night-mare n. 1 formerly, an evil spirit that was believed to haunt and suffocate sleeping people. 2. a frightening dream, often accompained by a sensation of oppression and helplessness.
It's that, all right, and I know all about it. The only thing is that my nightmares -- actually, nightmare, since it is always the same theme is different settings -- are not full of monsters, evil spirits, episodes of falling from buildings, or being burned alive or any of those mundane things. Mine is the ultimate nightmare which could and probably does disturb the sleep of many a mother and homemaker. It goes something like this.
I find myself living in a strange house -- one we have just moved into, perhaps. The house is very large with many rooms. Some of the rooms seem to flow into each other, separated only by short, thin partitions. There are dirt floors and the light is dim. Often there are no windows at all. The nightmare can begin when I'm alone in the house with the children and we're expecting visitors. Sometimes the visitors are already there.
What's so nightmarish about all that? The huse is a total MESS. Not one bed is made, not one dish is washed and clothes, toys and JUNK are everywhere. I am running around the house like a madwoman trying to get things in order, and of course, I can't.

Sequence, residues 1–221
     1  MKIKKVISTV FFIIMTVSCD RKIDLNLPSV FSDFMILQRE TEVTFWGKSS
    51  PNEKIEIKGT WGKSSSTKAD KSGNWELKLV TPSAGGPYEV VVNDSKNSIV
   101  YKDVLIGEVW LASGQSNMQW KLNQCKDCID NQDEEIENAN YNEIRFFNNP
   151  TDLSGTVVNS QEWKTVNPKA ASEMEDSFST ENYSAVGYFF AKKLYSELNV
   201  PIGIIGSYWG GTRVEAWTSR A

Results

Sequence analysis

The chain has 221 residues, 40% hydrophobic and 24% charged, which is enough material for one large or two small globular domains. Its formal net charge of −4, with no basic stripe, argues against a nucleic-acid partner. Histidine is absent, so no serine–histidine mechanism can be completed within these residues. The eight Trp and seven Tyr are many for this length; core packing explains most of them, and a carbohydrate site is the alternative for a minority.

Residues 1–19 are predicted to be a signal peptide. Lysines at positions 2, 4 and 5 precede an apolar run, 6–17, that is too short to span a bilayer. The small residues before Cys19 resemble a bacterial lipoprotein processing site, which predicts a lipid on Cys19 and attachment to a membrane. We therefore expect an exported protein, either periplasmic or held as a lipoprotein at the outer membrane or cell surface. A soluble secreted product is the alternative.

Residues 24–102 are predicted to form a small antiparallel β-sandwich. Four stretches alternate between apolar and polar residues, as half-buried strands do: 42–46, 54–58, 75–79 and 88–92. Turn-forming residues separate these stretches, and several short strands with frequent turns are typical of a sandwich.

For example, I'm in the kitchen. The stove is in the wrong place. I pick it up (how did it get so small?) to put it where it belongs and find that it won't stand level. It tilts. Besides, when I move it I notice a big puddle of water has collected under it. The wall it stood against is thick with greasy dirt. Wads of dust scurry along the floor.
I open the oven and find a lump of unbacked cookie dough turning to mold in its foil wrapping. I contemplate trying to bake it but there's no time. THEY'RE COMING!
I race to the living room and find it already packed with people: my neighbors, friends, strangers and always my mother and my aunt. My children are lying around not doing a thing. NOT HELPING. I screamed at them to help. They won't. I yelled and scream and cry and scream some more but nothing works. They smile slyly.
I try to stay ahead of the crowd and put things right before anyone moves to another room. Into the bedroom -- beds are everywhere -- how can we organize sleeping room for everone? It seems they are all going to spend the night. I'm frantic and still screaming.
Back to the kitchen which is now full of people. I try to take a pot of soup off the stove but spill it. It oozes across the floor, mixing with the dust and puddles of water. I'm in a frenzy and yelling again -- this time at my aunt. I move too quickly and knock off my glasses. They wedge between the walls and the sink. I fish them out and, of course, there're broken.
Exhausted, weeping I wake up. But I can't get my eyes open. I struggle. I panic! Iget them open, but Oh, God -- it's ture! All of it! The bed clothes from my bed and several others are draped all over the room and I cant hear voices. Dozens and dozens of people are here and I'm not even dressed
Then . . .
The sun shines through my bedroom window. The house is still. There's a thick carpet on the floor. I take a deep breath and listen to my daughter singing softly to herself as she dress for school. I am sure that when I go to the kitchen the stove will be level and the cookies baked and in the jar. No one is coming to visit and my mother and aunt live 1,000 miles away.
Mysterious . . . . the mind. What does it all mean, this ultimate nightmare? CAPTION: Illustration, from "The Cry" by Edvard Munch